RUMs great advantage vs. synthetic is that is can see what’s happening for all of your actual users on all of the web pages they visit. This means you can understand web performance metrics by page, geography, browser or mobile device type. While this provides a broader understanding of general performance, it also has many, many more independent variables making specific trending and comparison more challenging. RUM is also the front-end method by which transactions are “tagged” so they can be traced and correlated through the back-end for greater understanding of how software and infrastructure work together to deliver end-user experience and root-cause analysis.

RUMs greatest and perhaps least exploited value to business today is that it captures business activity information that represents the WHY we have a website to begin with. It is this business outcome data that should be our first canary in the coal mine for determining if something needs attention.

Mobile real-user monitoring
Mobile web applications can be monitored with traditional RUM; however, today’s native mobile apps require a different mechanism to measure the application experience. That is typically accomplished by adding an extra library into your mobile application that beacons mobile application performance data back for reporting. Like traditional RUM, this is also how transactions are “tagged” for mapping through delivery software and infrastructure.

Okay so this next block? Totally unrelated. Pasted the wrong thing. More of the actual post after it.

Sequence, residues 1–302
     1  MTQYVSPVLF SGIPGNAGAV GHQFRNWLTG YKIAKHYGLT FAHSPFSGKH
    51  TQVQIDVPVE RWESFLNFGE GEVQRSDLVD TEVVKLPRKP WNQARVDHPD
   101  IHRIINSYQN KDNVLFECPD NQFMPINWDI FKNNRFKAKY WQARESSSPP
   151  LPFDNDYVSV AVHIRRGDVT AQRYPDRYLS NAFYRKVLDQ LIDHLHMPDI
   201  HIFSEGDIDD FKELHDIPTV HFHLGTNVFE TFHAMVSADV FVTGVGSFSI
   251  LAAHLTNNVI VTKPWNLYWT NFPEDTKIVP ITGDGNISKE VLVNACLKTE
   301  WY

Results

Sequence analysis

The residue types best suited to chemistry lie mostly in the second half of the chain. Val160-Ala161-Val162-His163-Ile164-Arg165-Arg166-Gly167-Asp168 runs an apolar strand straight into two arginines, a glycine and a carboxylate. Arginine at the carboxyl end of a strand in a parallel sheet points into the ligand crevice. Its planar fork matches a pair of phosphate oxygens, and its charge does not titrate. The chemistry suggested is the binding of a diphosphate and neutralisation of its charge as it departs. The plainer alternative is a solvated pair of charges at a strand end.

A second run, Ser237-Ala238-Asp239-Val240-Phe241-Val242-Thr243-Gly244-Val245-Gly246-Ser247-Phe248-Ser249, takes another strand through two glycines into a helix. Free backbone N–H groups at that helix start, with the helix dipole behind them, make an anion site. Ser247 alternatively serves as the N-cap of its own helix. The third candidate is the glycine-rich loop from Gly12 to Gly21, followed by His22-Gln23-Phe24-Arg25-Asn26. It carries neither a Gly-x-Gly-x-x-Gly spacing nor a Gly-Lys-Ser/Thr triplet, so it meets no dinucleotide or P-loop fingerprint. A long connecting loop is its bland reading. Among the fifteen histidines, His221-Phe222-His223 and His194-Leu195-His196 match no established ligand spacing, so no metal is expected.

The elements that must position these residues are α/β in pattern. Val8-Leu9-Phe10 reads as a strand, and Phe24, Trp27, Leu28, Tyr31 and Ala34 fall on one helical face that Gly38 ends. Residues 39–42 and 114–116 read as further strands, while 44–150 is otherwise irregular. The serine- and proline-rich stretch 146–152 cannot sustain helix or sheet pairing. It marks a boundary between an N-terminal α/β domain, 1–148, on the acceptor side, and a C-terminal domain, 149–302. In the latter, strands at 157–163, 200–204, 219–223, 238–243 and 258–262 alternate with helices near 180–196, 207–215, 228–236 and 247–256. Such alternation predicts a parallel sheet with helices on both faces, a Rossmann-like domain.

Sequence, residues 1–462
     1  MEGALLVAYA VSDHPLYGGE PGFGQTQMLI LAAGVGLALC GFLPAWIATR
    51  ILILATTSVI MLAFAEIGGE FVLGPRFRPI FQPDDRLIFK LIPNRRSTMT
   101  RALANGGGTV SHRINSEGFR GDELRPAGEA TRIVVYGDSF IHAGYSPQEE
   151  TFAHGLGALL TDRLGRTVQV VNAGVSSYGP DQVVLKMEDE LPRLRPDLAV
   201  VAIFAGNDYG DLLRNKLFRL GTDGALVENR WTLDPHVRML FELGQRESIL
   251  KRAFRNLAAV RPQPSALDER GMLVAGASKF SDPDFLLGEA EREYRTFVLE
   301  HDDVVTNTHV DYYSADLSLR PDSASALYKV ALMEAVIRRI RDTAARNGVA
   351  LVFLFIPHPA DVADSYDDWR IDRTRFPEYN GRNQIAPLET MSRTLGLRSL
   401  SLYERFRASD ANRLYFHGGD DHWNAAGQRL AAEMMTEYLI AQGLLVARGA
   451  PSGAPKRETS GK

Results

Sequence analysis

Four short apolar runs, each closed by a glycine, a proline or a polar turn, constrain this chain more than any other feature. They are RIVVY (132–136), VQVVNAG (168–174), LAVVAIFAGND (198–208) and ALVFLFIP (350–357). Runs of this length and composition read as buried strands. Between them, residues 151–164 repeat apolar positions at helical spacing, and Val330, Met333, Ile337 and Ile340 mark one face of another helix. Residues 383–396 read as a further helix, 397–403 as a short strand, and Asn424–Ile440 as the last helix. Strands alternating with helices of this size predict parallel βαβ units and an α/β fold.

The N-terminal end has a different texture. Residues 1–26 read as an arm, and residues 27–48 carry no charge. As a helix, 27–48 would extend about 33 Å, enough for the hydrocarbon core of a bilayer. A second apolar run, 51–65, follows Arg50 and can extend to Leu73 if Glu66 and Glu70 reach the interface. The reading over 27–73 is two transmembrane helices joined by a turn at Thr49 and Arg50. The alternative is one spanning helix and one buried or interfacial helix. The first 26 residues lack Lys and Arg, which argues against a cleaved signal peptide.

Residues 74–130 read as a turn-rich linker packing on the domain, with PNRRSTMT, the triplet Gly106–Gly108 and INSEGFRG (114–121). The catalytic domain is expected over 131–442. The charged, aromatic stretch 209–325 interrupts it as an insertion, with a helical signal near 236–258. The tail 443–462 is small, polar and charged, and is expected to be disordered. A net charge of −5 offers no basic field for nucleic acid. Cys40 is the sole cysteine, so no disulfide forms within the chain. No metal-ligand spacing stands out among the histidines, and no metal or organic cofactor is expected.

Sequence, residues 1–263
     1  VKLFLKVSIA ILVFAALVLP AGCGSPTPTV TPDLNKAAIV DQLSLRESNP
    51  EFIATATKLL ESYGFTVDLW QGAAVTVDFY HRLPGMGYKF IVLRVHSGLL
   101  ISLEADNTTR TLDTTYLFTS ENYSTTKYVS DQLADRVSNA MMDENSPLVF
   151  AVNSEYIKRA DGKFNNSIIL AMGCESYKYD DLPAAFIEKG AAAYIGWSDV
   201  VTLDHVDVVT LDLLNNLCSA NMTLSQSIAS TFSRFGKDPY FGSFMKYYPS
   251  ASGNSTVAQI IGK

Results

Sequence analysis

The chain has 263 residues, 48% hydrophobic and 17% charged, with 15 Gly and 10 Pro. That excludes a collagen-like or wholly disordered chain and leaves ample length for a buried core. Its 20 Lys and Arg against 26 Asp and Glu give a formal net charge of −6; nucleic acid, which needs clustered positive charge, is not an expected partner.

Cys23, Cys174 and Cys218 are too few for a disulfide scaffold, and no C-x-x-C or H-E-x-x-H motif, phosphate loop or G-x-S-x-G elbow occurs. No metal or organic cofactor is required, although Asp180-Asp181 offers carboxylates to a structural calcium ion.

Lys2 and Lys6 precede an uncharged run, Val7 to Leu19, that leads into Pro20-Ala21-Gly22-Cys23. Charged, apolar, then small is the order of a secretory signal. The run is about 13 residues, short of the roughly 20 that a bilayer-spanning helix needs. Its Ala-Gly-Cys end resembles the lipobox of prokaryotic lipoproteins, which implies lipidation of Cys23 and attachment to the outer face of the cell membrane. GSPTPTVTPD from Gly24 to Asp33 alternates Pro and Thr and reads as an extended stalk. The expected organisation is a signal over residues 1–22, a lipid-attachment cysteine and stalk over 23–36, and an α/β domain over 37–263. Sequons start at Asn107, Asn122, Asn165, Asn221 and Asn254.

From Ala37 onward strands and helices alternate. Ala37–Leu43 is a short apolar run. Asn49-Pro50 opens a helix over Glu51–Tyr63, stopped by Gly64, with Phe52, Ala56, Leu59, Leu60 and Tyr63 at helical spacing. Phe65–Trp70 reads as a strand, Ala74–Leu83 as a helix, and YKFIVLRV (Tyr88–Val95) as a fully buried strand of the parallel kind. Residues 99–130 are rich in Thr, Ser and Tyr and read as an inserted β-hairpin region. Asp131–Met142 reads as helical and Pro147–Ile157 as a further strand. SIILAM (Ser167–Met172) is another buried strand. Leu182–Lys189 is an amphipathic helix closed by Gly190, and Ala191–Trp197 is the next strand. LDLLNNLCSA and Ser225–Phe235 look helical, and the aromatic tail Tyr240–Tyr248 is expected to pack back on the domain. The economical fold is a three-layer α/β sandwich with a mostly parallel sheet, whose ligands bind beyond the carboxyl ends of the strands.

With mobile web traffic now reaching 25% or total traffic and mobile being the #1 method for brands to engage consumers, mobile RUM will be of increasing importance to most organizations.

Network real-user monitoring
Hardware appliances that plug into a network switch’s span port to passively listen to network traffic provides network based RUM that very accurately represents end-to-end network performance of the application. This type of packet smashing leverages timestamps in the network packet headers to break performance down into client, server, and network components.

My own assessment is that network RUM is particularly good at monitoring HTTP API performance for services rather than the higher level end user experience of an application consumer.

Desktop agent based monitoring
A few tools focussed on the enterprise measure end-user performance and usage by installing an agent on the Windows desktop. These agents often use similar technology as network RUM to inspect client network traffic by IP address and Port. This method also provides visibility into usage of enterprise applications as well as general performance and availability.

How many sides of the prism is your organization looking at user experience through?

Hopefully, unless you are already a monitoring guru, you learned a little about the monitoring methods being offered by today’s crop of APM tools for understanding end-user experience. What is also interesting to explore is what capabilities do users get from the different tools leveraging these methods.

Perhaps good subject for a future post :)